Commercial Mortgages Are More Than Meet The Eye – Literally!

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Commercial Mortgages Are More Than Meet The Eye – Literally!



The term ‘commercial mortgages’ is a wrapper for number of different property related finance products. As a business we use it to describe a large amount of the work that we do for clients – and the industry commonly uses this terminology.

The trouble with a single header for multiple products – all of which are quite different in the requirements that they meet – is that in the end the header becomes a bit like an acronym – and you can’t remember what it actually means!

It can be confusing that when we say ‘mortgages’ we are actually also including short-term finance products; in this sense ‘mortgages’ refers to the fact that all of these products are all secured on property.

So when Fiducia Commercial Solutions says ‘commercial mortgages’ what do we actually mean? And who can use them? Oh, and what are they?

Commercial Mortgages:

Commercial mortgages are used to fund the purchase, or refinance of, commercial, semi-commercial or residential properties – and as we explain below the funding reason can be both to occupy the building, and as an investment.

In general terms there are 3 main uses for commercial mortgages:

  •       Owner-Occupier: The purchase or refinance of the property where your company is currently trading, or the purchase of a new property to move to and trade from
  •       Commercial Investment: The purchase or refinance of commercial or semi-commercial property that will be rented to another company to trade from – essentially a commercial Buy-To-Let investment
  •       Residential Buy To Let: An individual or a limited company (‘SPV’ or Special Purpose Vehicle) can purchase residential property to let as an investment, and professional landlords / Buy-To-Let limited companies use these mortgages for the same purposes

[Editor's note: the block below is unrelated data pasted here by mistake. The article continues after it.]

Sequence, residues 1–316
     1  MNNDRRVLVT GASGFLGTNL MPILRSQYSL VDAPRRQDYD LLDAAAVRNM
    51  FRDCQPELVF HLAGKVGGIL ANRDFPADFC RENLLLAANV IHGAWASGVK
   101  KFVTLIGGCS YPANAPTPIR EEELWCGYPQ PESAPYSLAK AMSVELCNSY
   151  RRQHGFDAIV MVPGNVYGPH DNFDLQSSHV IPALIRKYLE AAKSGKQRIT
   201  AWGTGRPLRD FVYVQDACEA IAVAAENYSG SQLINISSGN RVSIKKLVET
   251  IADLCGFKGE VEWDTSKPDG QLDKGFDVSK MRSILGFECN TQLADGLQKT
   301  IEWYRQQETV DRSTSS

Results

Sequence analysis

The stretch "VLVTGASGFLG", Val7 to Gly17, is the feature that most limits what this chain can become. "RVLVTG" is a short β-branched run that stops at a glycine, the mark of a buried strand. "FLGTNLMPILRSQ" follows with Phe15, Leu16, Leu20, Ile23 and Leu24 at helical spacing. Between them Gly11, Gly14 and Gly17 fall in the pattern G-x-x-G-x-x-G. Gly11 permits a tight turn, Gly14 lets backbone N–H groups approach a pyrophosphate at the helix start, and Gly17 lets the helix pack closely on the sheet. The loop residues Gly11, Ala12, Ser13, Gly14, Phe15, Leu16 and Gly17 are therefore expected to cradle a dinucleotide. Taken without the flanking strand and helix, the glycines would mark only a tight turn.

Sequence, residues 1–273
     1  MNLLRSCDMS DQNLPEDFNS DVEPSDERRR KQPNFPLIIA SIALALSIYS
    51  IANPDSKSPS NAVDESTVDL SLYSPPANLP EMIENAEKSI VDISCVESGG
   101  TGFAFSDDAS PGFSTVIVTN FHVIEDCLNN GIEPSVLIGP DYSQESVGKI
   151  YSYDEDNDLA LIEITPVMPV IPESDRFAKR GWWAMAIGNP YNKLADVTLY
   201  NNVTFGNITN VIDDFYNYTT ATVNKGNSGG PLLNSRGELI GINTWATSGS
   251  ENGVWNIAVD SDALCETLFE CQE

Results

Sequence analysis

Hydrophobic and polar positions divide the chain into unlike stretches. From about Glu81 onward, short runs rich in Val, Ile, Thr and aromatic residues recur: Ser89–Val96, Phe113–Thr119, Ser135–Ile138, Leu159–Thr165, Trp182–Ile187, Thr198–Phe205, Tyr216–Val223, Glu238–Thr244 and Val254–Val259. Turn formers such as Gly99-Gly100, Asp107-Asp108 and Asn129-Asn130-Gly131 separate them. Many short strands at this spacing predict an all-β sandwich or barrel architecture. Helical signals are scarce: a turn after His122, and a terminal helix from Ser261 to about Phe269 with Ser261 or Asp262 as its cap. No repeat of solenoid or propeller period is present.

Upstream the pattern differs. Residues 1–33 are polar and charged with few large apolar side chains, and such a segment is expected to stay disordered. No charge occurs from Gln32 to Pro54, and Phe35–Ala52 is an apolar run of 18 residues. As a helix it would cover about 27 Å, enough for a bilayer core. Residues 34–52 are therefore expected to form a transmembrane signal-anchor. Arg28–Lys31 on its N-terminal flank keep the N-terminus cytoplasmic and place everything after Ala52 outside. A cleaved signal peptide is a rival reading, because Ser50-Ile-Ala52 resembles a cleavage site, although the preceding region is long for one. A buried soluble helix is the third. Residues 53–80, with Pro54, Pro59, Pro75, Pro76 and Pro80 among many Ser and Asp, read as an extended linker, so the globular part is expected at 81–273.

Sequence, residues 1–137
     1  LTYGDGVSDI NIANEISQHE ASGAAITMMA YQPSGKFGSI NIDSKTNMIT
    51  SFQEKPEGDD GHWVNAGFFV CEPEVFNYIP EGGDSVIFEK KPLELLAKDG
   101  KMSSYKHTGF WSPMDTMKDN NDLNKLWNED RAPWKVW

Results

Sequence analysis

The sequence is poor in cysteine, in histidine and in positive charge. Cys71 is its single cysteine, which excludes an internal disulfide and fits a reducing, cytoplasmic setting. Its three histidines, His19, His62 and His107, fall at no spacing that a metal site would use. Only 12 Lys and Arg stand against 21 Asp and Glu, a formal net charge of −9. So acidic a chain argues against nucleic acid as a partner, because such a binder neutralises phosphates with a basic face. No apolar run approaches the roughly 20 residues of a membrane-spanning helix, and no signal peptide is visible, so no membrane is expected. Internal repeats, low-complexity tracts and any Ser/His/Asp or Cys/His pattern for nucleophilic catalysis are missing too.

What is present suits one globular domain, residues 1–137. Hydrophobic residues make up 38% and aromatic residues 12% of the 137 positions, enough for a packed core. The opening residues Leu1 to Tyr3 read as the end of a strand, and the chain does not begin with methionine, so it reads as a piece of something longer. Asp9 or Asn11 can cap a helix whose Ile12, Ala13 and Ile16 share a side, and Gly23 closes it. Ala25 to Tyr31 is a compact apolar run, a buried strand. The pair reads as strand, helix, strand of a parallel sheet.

In case you were wondering, residential properties are all part of the day job for Commercial Finance brokers! Just wanted to throw that out there – as it does seem a bit of an oxymoron!

Easy assumption is that all we would look at is commercial buildings – shops, offices, pubs, restaurants, factories etc. But the ‘commercial’ applies to the purpose, not the property.

Commercial mortgages are, just like residential consumer mortgages, available with fixed or variable interest rates over a range of years, and the amount that you can borrow is set as a ‘Loan To Value’ (LTV) percentage of the property value.

Existing property holdings with equity value in them may be considered towards the deposit by some lenders as security.

Affordability, Affordability, Affordability!

The amount that you will be expected to have a deposit can vary according to different factors, including:

  •       If you are a commercial owner-occupier: the sector that you are in / your company’s recent financial performance / they type of property you are financing
  •       If you are a commercial investor: the type of property you are financing / the sector that your tenants are in / the amount of revenue generated from the lease/s
  •       If you are a residential investor: commonly come with a higher LTV than commercial property; affordability driven by valuer’s confirmation of the achievable market rent, which is stress tested against mortgage payments

We want to cut through the acronyms and smoke and mirrors to show that far from being some sort of ‘dark arts’, lenders use the same process to evaluate your business as we all might do our own personal finances.

With investment mortgages the maths is relatively straightforward; you will have a commercial lease or residential tenancy agreement in place with your tenant and the lender will ‘stress’ your mortgage with simulations of interest rate rises to ensure that even if rates were to rise from their current levels then the rental income still makes the mortgage payments affordable.